On July 20, 2004, at 1715 eastern daylight time, a Cessna 172S, N2069S, registered to Aerocraft Holding Co., LLC, and operated by WK Dickson & Co., Inc., veered right and nosed over during landing at the Winder Barrow Airport, Winder, Georgia. The business flight was operated under the provisions of Title 14 CFR Part 91 with no flight plan filed. Visual meteorological conditions prevailed. The private pilot was not injured, and the airplane sustained substantial damage. The flight departed Cherokee County Airport, Canton, Georgia, about 1640 on July 20, 2004.

The pilot stated his takeoff from Canton, Georgia, was normal. He stated that, while in cruise flight, he noticed the airplane required "a greater than normal amount of right rudder" input to maintain coordinated flight. The pilot stated he executed a left visual traffic pattern for runway 31 at Winder, Georgia. The pilot stated he utilized full flaps and slowed to 65 knots on final approach, and the airplane touched down normally on the main wheels. The pilot stated that, when the nosewheel touched down, the airplane decelerated rapidly and turned to the right. The pilot stated he initially applied rudder to correct the turn, but then quickly applied the brakes "as it was apparent something was wrong with the operation of the nose gear." The airplane continued to veer right until it was facing perpendicular to the runway, and it nosed over at the runway edge.

Examination of the runway revealed a single, wide black skid mark was observed extending from near the runway centerline to the right side of runway 31 where the airplane came to rest inverted. Examination of the airplane revealed damage to the wings, empennage, and nose gear. Examination revealed mechanical continuity from the cockpit rudder pedals to the rudder and to the nosegear steering assembly.

The nose gear upper and lower torque links and attachment bolts were removed from the airplane and forwarded to the National Transportation Safety Board (NTSB), Office of Research and Engineering, Materials Laboratory Division, Washington, D. C., for examination. Examination revealed the upper torque link bolt was fractured with a separated portion of the bolt lodged in the torque link assembly. The fracture surfaces on the bolt were flat, and the bolt showed shear deformation adjacent to the fractures consistent with shear overstress. The direction of the shear deformation on the bolt was primarily upward along the length of the upper torque link. The upper torque link spacer through which the bolt passes was deformed, and the opening of the bolt hole was elongated on one side.

Examination of the lower torque link bolt revealed shear deformation in locations similar to the areas where the upper torque link bolt was deformed. The connecting bolt that holds the two torque links together showed shear deformation. The deformation coincided with the area of the connecting bolt that passes between the edges of the bolt hole in the upper torque link and the interior edges of the bolt holes in the clevises of the lower torque link. Microhardness testing of samples taken from the upper and lower torque link bolts and the torque link connecting bolt revealed the material complied with the manufacturer's specifications.

According to the NTSB Materials Laboratory report, "deformation was observed on the forward face of the stop lug on the upper torque link. There was evidence of multiple impacts on the forward face ... which formed lips on the top and bottom edge of the face." The report included an illustration that showed the top and bottom edges of the forward face of the stop lug were displaced outward due to "deformation from the multiple impacts."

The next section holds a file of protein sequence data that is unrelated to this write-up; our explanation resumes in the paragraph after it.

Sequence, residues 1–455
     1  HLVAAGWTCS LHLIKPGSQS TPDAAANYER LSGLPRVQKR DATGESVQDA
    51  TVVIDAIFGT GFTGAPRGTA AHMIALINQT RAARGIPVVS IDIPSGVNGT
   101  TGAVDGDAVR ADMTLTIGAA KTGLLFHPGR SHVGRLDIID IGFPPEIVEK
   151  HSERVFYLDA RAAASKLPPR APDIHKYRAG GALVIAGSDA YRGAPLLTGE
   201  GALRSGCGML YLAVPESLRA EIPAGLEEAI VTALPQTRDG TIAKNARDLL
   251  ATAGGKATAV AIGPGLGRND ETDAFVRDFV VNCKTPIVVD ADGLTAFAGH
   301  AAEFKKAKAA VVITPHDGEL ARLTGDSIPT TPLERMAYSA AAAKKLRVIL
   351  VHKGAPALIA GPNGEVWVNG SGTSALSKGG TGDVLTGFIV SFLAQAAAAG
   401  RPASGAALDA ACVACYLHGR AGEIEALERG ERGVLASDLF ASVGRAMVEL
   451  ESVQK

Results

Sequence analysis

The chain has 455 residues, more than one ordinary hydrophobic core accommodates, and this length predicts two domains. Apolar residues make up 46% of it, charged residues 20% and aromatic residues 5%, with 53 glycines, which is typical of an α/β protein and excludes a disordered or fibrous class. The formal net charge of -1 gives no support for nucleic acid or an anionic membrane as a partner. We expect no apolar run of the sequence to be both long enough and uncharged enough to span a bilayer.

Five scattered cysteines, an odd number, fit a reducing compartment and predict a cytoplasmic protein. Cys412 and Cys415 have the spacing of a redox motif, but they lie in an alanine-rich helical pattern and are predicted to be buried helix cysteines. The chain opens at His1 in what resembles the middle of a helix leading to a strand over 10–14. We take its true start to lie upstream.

The airplane was manufactured in 2004 and had accumulated 81.4 hours at the time of the accident. The owner of the airplane stated it was purchased in April 2004, and it had approximately 45 to 50 hours on it when purchased. The owner stated there have been no reports of any hard or abnormal landings with the airplane. The pilot stated the airplane's nose strut had been serviced twice since April 2004, and the service was requested because the nose strut visually appeared low. A review of the maintenance logs revealed one record of service; an entry dated July 19, 2004, stated "serviced nose gear strut with nitrogen." The pilot stated the airplane was flown for two approximate one-hour flights since the last service and prior to the accident.

The airframe and powerplant mechanic who serviced the strut on July 19, 2004, stated there was no evidence of a hydraulic leak, and he added nitrogen to the strut to produce an extention of approximately two and a half inches. He stated the "generally accepted industry practice is the width of three fingers." He stated he moved the nose strut up and down to check for "bottoming out or over service" and to check for return to the static extention of approximately two and a half inches.

A review of the Cessna Aircraft Company Model 172 Maintenance Manual, Page 301, "Nose Landing Gear Shock Strut - Servicing," revealed Section 2. B. (8) states: "With strut fully extended and nose wheel clear of ground, inflate strut to 45 psi."

A review of Service Difficulty Reports on file with the Federal Aviation Admistration revealed one report of a problem with the nose landing gear shock strut of a Cessna 172S that had accumulated 31 hours since new. Report No. OMB 2120-0003 stated, "strut leaked down ... . Upon evaluation, discovered [the strut] ... to be practically empty of fluid."

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